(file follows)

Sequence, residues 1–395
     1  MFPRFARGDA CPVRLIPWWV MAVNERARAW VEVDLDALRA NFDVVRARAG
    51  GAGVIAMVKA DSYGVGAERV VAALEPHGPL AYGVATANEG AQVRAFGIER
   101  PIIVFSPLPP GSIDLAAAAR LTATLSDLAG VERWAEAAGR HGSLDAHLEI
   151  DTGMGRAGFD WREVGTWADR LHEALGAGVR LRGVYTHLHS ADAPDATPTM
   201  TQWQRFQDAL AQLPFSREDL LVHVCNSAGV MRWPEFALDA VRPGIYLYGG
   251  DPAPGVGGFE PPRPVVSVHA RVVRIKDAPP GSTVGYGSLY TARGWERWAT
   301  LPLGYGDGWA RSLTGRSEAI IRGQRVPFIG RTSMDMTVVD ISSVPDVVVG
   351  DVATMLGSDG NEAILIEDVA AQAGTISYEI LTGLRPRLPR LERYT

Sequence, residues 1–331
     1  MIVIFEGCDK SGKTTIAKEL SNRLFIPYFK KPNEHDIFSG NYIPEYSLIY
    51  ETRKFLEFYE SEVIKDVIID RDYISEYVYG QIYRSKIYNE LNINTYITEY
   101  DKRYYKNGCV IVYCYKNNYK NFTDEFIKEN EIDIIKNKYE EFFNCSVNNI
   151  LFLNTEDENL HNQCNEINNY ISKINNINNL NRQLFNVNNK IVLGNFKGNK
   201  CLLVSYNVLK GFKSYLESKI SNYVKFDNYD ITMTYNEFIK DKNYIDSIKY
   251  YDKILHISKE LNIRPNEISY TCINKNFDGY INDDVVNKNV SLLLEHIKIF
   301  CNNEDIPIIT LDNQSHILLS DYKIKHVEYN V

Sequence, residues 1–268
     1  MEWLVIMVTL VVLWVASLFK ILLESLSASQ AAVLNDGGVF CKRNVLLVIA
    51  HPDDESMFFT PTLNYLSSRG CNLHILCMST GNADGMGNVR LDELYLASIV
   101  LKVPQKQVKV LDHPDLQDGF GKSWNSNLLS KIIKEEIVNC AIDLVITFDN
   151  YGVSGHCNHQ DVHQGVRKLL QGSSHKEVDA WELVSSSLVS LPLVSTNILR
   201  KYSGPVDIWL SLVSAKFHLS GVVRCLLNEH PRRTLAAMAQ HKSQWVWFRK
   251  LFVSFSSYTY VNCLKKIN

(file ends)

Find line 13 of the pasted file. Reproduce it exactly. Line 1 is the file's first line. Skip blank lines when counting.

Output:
   101  DKRYYKNGCV IVYCYKNNYK NFTDEFIKEN EIDIIKNKYE EFFNCSVNNI